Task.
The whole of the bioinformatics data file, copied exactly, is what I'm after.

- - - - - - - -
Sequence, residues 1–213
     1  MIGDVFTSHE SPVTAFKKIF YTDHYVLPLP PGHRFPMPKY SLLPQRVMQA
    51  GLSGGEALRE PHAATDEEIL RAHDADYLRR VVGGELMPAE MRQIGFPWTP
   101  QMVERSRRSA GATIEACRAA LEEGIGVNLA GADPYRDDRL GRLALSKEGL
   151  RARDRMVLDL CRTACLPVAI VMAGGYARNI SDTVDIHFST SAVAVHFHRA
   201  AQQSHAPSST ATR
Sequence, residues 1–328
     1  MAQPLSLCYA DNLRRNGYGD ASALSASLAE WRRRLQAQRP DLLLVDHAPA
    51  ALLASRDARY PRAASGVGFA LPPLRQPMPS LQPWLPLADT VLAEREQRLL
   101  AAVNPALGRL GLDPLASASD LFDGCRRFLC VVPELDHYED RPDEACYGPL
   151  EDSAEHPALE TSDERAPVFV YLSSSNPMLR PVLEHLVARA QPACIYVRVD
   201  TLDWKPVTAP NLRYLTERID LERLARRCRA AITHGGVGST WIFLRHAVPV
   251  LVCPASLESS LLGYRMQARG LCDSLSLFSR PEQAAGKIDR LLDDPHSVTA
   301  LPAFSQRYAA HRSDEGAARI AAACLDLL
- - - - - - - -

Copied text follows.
Sequence, residues 1–213
     1  MIGDVFTSHE SPVTAFKKIF YTDHYVLPLP PGHRFPMPKY SLLPQRVMQA
    51  GLSGGEALRE PHAATDEEIL RAHDADYLRR VVGGELMPAE MRQIGFPWTP
   101  QMVERSRRSA GATIEACRAA LEEGIGVNLA GADPYRDDRL GRLALSKEGL
   151  RARDRMVLDL CRTACLPVAI VMAGGYARNI SDTVDIHFST SAVAVHFHRA
   201  AQQSHAPSST ATR
Sequence, residues 1–328
     1  MAQPLSLCYA DNLRRNGYGD ASALSASLAE WRRRLQAQRP DLLLVDHAPA
    51  ALLASRDARY PRAASGVGFA LPPLRQPMPS LQPWLPLADT VLAEREQRLL
   101  AAVNPALGRL GLDPLASASD LFDGCRRFLC VVPELDHYED RPDEACYGPL
   151  EDSAEHPALE TSDERAPVFV YLSSSNPMLR PVLEHLVARA QPACIYVRVD
   201  TLDWKPVTAP NLRYLTERID LERLARRCRA AITHGGVGST WIFLRHAVPV
   251  LVCPASLESS LLGYRMQARG LCDSLSLFSR PEQAAGKIDR LLDDPHSVTA
   301  LPAFSQRYAA HRSDEGAARI AAACLDLL